Fun fact: GPS uses 10 bits to store the week. That means it runs out... oh heck – April 6, 2019

Found on The Register on Thursday, 14 February 2019
Browse Technology

GPS signals from satellites include a timestamp, needed in part to calculate one's location, that stores the week number using ten binary bits.

Every 1,024 weeks, or roughly every 20 years, the counter rolls over from 1,023 to zero.

For devices unprepared for the counter overflow, a firmware upgrade will be necessary to keep the things working properly.

It's not like bits are very expensive. They could have used 12, or better 16 bits and be on the safe side; but no, they decided to make the timeframe short instead.

You Can Now Run Windows 10 on the Raspberry Pi 3

Found on Tom's Hardware on Wednesday, 13 February 2019
Browse Technology

Raspberry Pi is finally ready for the full Windows 10 experience. A new installer lets you put Windows 10 on Arm, including the Pi.

Previously, the only way to run Windows at all was by using Windows IoT Core, but Windows 10 on ARM may be far more capable.

Maybe you can, but why would you want to?

China’s nuclear hiatus may be coming to an end

Found on MIT Technology Review on Saturday, 02 February 2019
Browse Technology

Beijing has approved the construction of four new nuclear reactors using a domestically developed design, according to Chinese news reports.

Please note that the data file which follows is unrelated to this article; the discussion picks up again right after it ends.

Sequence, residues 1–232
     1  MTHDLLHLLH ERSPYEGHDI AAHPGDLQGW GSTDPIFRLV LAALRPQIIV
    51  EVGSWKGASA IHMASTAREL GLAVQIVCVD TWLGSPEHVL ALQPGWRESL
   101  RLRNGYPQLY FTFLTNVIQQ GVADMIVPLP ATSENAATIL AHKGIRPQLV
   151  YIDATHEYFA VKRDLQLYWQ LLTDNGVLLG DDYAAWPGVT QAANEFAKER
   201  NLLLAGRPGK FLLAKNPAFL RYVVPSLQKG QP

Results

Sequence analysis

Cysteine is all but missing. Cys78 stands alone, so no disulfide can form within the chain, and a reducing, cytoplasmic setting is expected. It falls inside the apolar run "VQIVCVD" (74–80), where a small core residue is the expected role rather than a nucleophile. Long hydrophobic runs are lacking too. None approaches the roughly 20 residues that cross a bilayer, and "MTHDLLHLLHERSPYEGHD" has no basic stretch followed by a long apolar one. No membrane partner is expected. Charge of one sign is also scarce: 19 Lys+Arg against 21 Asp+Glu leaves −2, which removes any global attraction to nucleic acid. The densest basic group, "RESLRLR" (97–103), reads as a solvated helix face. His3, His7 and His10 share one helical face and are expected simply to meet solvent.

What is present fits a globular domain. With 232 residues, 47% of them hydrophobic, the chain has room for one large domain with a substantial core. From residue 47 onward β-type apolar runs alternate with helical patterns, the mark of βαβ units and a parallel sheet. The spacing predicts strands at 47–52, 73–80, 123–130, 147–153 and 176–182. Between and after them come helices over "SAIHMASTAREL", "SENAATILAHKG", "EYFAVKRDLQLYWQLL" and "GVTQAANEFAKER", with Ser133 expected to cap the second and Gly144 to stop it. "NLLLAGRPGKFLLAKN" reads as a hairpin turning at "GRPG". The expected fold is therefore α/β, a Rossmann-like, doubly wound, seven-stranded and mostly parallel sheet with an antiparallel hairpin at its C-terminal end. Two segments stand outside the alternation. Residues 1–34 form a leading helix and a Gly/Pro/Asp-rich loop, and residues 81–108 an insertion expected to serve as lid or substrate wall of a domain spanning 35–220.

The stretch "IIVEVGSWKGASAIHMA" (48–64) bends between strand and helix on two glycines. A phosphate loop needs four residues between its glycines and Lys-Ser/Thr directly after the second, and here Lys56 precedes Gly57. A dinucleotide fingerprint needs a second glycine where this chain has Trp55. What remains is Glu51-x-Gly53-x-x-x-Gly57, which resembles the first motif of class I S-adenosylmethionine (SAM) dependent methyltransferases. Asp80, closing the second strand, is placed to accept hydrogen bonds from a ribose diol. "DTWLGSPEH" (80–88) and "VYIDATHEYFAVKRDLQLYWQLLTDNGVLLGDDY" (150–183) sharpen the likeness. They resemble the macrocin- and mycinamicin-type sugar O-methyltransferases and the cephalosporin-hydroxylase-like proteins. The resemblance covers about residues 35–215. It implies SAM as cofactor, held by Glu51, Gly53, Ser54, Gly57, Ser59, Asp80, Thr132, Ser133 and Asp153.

Both projects had been planned and approved by Chinese authorities with Westinghouse’s AP1000 reactor design, which promises safety advances such as passive cooling. That means it stores water above the reactor, leveraging gravity to keep the plant cool should the pumps fail.

It would also be a welcome development for energy experts and governments that see nuclear as a crucial low-carbon energy source to accelerate a fossil-fuel phase-out.

You can't have your cake and eat it. Nuclear energy is CO2 neutral and a reliable source of energy. Alternatives like solar and wind energy is not constant and, unlike what many think, also have negative effects on the nature.

Apple hints at lower iPhone prices as sales fall

Found on BBC News on Wednesday, 30 January 2019
Browse Technology

Revenue from the iPhone, responsible for most of the firm's profits, fell 15% in its latest financial quarter.

The slowdown had been expected after the tech giant warned investors earlier this month that revenue would be about $84bn, lower than expected.

People start to realize that it's nothing but an overhyped and overpriced telephone.

Climate change: 'Right to repair' gathers force

Found on BBC News on Wednesday, 09 January 2019
Browse Technology

The European proposals refer to lighting, televisions and large home appliances.

At least 18 US states are considering similar laws in a growing backlash against products which can’t be prised apart because they’re glued together, or which don’t have a supply of spare parts, or repair instructions.

Manufacturers say the proposed rules on repairability are too strict and will stifle innovation.

If repairs by third parties is so bad for manufacturers, then just set the minimum warranty to 10 years. This will fuel the innovation: of products that last long. However, the manufacturers won't be happy about this either.

Nokia 9 leak shows off all five rear cameras

Found on Ars Technica on Thursday, 03 January 2019
Browse Technology